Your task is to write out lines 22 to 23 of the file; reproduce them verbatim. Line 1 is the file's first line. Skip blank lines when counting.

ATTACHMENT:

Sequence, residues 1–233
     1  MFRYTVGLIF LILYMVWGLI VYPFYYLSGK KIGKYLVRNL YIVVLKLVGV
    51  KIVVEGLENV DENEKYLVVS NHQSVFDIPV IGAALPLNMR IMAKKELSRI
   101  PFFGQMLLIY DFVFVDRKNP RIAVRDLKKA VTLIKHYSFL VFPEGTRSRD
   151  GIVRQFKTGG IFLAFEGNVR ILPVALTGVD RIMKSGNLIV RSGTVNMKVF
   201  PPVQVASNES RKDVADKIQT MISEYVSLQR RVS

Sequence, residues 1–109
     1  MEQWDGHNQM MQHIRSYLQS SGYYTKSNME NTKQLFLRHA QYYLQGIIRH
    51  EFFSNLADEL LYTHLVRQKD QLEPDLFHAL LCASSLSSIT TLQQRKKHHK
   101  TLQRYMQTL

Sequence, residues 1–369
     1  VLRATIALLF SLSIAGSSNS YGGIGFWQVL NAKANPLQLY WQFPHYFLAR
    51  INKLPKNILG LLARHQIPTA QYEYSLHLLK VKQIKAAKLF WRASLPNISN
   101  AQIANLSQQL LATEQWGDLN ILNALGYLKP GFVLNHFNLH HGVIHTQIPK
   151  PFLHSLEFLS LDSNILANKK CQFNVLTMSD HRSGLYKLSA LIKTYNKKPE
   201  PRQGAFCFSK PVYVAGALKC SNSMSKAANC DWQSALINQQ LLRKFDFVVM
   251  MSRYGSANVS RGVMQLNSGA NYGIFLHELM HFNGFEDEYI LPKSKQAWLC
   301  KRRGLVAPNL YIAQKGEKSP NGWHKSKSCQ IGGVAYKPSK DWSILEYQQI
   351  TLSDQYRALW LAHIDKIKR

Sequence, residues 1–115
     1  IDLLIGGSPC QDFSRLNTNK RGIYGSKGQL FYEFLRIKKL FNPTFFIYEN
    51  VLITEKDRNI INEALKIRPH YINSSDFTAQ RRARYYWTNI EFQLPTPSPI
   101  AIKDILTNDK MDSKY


    51  VLITEKDRNI INEALKIRPH YINSSDFTAQ RRARYYWTNI EFQLPTPSPI
   101  AIKDILTNDK MDSKY